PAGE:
...But Madlib is the musician who keeps on giving. And so he followed up his own jazz joints with a mixtape of some of the very best jazz musicians ever. I can describe this latest Medicine Show offering no better than the cardboard tab that came affixed to it:
No. 8 - Advanced Jazz: Imagine an 80-minute music history course taking place in a dusty, hazy studio with wall-to-wall jazz vinyl---records from the past 40 years---jazz, fusion, obscure. This course will not be graded. There will be no lecture. Madlib's at the turntable. Class is now in session.This "music history course" features audible classes on legends like Miles Davis, Ornette Colemen, John Coltrane, and Sun Ra as well as some of the others you see here crossing the Hudson:
The first thing you notice about this album is that it's LOUD. The sounds really seem to have been turned up and it works great as you can hear the depths of the live instruments and crackling, dusty old vinyl records. There are ten tracks of varying length, each named for a jazz legend and featuring a hand-picked and nicely-mixed collection of their songs. The opening is lovely: a gravelly voice speaking and settling the listener in for a comfortable musical excursion like a hypnotist preparing a patient ("are you there?") and then the pianos, horns, drums, everything, it all marches in so beautifully that I get the chills every time I hear it even though I must've listened to this opening 20 times by now. It then transitions into a jazz flute rendition that Ron Burgundy would describe as "a little Ham and Eggs."
Unlike the other great jazz(esque) mixtape in this series, Flight to Brazil, this isn't just a bunch of Madlib's favorites thrown together and played with very little interference. Instead, Madlib throws in plenty of his customary obscure skits and interludes while also weaving the songs together like a DJ, letting some play longer than others and maintaining a pretty consistent vibe while exploring the works of many different artists. The height (and hilarity) of Madlib's mixing skills here comes at the transition of tracks 2 and 3 when the former closes with a very serious-sounding man touting a film that he feels "is of great importance" and urging us "to undergo this uplifting cinematic experience" only to lead into the opening of track 3 with its hilarious mock blaxploitation trailer ("if you wanna get it together, and see the brother who predicted the weather, dress your mother up in leather, and see KING PIN").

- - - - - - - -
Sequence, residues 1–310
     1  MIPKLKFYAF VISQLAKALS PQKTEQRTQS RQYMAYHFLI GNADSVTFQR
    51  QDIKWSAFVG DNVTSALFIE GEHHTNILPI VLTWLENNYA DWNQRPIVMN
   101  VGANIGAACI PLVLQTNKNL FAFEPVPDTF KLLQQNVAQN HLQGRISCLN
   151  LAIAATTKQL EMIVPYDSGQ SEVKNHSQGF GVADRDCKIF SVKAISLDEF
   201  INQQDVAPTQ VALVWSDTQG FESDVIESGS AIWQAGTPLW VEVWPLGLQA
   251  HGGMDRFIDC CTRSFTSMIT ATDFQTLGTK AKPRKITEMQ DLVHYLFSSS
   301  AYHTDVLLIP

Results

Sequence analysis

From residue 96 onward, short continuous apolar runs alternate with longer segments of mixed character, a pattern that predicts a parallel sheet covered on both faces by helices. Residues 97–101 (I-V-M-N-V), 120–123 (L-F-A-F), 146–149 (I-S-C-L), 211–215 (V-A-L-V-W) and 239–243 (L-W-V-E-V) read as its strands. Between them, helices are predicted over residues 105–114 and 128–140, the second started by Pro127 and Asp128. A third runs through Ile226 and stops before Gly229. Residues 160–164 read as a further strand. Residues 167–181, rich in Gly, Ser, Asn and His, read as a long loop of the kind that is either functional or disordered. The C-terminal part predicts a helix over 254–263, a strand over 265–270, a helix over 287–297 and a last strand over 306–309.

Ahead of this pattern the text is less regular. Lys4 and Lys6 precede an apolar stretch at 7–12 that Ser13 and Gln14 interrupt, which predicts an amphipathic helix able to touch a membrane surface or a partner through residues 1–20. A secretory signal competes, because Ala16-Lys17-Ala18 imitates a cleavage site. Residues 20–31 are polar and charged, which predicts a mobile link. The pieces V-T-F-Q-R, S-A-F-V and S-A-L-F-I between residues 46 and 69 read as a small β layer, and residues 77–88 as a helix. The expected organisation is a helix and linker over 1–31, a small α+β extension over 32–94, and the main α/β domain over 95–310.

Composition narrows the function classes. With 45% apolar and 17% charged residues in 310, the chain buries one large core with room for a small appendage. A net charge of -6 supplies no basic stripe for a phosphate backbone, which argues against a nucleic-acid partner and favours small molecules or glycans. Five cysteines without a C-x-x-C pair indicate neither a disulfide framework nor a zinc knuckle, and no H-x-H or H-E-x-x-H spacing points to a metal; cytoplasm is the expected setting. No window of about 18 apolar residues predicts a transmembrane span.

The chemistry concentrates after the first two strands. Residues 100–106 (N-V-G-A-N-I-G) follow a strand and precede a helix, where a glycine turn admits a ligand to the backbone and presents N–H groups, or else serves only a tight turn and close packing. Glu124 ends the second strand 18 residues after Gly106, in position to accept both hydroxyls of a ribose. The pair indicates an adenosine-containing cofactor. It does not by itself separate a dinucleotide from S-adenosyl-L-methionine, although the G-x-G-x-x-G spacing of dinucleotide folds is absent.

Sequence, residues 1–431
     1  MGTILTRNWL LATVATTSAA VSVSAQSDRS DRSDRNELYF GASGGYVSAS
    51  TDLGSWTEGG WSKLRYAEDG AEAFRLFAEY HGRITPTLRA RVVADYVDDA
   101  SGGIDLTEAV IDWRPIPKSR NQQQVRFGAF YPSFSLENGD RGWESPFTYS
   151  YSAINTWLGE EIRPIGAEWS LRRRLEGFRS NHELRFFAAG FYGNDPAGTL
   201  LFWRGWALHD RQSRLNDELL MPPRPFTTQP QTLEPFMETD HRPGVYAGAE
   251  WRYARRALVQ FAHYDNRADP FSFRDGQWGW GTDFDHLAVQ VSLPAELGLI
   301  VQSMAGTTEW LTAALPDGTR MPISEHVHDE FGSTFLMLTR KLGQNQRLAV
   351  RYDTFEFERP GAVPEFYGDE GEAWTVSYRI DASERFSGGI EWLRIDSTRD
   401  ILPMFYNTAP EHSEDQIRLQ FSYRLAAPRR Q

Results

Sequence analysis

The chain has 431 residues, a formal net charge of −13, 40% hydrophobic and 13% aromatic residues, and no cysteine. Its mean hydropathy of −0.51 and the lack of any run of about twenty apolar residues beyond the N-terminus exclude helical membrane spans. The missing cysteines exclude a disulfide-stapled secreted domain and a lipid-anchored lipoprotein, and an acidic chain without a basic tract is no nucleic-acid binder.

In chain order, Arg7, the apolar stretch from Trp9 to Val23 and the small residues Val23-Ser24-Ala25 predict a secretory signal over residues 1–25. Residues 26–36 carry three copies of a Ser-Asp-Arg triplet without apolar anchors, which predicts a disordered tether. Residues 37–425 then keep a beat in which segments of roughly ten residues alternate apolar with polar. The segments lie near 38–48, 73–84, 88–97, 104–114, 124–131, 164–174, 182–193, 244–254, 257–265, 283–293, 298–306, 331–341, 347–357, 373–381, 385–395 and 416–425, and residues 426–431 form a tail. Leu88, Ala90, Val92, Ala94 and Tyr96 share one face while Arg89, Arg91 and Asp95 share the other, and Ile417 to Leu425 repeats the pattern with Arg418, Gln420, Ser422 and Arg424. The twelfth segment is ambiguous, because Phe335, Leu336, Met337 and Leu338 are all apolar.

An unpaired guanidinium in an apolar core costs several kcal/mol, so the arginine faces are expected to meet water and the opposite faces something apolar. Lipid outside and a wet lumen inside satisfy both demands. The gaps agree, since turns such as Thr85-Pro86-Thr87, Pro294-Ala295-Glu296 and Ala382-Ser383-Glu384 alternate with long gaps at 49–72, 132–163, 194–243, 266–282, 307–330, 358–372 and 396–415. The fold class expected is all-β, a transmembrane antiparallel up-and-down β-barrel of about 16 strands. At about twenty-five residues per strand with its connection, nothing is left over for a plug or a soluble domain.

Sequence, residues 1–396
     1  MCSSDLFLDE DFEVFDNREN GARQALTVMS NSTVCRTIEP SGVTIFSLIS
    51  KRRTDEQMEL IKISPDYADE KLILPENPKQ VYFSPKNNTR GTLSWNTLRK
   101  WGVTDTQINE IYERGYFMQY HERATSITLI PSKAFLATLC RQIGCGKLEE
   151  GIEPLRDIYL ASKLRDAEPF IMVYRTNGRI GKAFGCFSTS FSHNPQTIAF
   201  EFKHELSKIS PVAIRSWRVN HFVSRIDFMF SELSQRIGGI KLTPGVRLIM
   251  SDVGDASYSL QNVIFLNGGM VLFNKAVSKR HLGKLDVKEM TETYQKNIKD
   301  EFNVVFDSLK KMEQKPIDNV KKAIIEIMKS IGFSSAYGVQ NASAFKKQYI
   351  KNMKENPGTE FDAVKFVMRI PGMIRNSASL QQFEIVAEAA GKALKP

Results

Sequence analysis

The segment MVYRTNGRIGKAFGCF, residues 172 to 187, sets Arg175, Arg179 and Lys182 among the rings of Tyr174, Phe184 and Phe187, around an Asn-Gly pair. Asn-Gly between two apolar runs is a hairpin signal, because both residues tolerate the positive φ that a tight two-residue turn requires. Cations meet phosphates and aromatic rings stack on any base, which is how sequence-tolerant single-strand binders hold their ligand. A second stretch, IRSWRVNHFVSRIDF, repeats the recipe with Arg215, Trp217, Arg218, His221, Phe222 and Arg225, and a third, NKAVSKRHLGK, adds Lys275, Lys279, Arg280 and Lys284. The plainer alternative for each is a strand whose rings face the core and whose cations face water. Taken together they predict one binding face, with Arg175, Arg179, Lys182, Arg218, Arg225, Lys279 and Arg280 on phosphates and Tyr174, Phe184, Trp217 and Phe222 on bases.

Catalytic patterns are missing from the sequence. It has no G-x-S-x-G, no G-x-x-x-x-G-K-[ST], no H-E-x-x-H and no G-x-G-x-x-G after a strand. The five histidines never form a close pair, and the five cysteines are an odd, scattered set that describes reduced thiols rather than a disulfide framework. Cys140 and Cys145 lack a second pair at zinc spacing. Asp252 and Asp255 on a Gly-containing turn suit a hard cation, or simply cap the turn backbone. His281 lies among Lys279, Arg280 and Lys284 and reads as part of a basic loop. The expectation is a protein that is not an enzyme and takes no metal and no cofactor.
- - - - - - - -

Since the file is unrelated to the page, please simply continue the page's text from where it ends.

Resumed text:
The heart of this album, its thumping, beating, pulsating heart, is an amazing three-minute-plus drum orchestra performance in the middle of track 3 leading into the saxophone of Pharaoh Sanders. You can hear the end of it here in the promo video for the album but honestly, if you have even the slightest interest in jazz or just enjoy great music, I highly recommend picking this up this CD and hearing it in full. It'll really get your blood pumping.
Track 4, dedicated to Herbie Hancock, opens with words of wisdom that resonate and jump back and forth between each side of your headphones before taking you to new lands musically. This track features my favorite melody on the whole tape, a beautifully smooth piano over drums beginning at the 3:06 mark. It's one of those songs that sticks in one's head and pops up unbidden at random moments. Other highlights include: the entire Sun Ra track (Madlib pays proper homage to one of his oft-referenced favorites), the chilling big band track at the opening of Phil Ranelin's track, the exquisite soul track at the beginning of Deodato, and the closing horns/piano/drums from John Coltrane.
This mixtape is lively, bursting with instrumentation and energy, all delivered by Madlib from dusty old jazz records by some of the best musicians of the 20th century. It's a CD I'll probably go back and listen to 20 years from now and still enjoy. A spectacular collection of music, stitched together like an all-embracing quilt.
Note: We didn't get the expected Medicine Show #9 in September apparently because it wasn't finished on time but we may be getting two of them in October. We're at least assured of getting #10 which will be a collection of 60s and 70s soul and funk. Stay tuned for a full review of that one once I soak it in.